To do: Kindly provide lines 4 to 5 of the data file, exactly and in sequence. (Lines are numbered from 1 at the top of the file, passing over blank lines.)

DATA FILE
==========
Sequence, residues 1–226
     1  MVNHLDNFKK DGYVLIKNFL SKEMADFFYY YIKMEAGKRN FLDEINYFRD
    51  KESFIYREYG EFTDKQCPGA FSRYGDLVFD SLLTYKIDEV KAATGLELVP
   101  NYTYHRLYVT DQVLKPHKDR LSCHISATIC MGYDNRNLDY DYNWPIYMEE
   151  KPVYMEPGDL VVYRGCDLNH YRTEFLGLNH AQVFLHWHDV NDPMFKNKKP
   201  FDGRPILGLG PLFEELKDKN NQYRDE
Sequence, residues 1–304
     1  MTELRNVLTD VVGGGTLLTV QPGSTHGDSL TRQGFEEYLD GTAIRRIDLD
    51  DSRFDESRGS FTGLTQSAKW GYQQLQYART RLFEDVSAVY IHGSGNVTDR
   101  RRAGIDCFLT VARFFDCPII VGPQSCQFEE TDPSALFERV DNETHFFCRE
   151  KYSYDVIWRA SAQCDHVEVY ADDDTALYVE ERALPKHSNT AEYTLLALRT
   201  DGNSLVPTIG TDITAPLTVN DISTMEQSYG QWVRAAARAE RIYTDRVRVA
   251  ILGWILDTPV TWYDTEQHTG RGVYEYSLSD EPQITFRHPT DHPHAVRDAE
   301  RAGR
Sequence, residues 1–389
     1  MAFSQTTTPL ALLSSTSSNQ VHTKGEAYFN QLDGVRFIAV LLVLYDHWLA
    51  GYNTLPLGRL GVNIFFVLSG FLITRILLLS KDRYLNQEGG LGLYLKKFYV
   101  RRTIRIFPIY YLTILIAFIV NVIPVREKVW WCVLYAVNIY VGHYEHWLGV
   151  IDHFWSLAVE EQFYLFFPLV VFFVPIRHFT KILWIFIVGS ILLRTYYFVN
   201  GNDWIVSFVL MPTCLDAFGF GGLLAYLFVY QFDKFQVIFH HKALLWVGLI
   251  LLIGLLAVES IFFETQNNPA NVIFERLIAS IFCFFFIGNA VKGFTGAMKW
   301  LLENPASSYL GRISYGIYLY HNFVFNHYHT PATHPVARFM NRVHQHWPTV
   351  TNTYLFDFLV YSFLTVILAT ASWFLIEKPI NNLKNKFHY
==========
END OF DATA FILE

   101  NYTYHRLYVT DQVLKPHKDR LSCHISATIC MGYDNRNLDY DYNWPIYMEE
   151  KPVYMEPGDL VVYRGCDLNH YRTEFLGLNH AQVFLHWHDV NDPMFKNKKP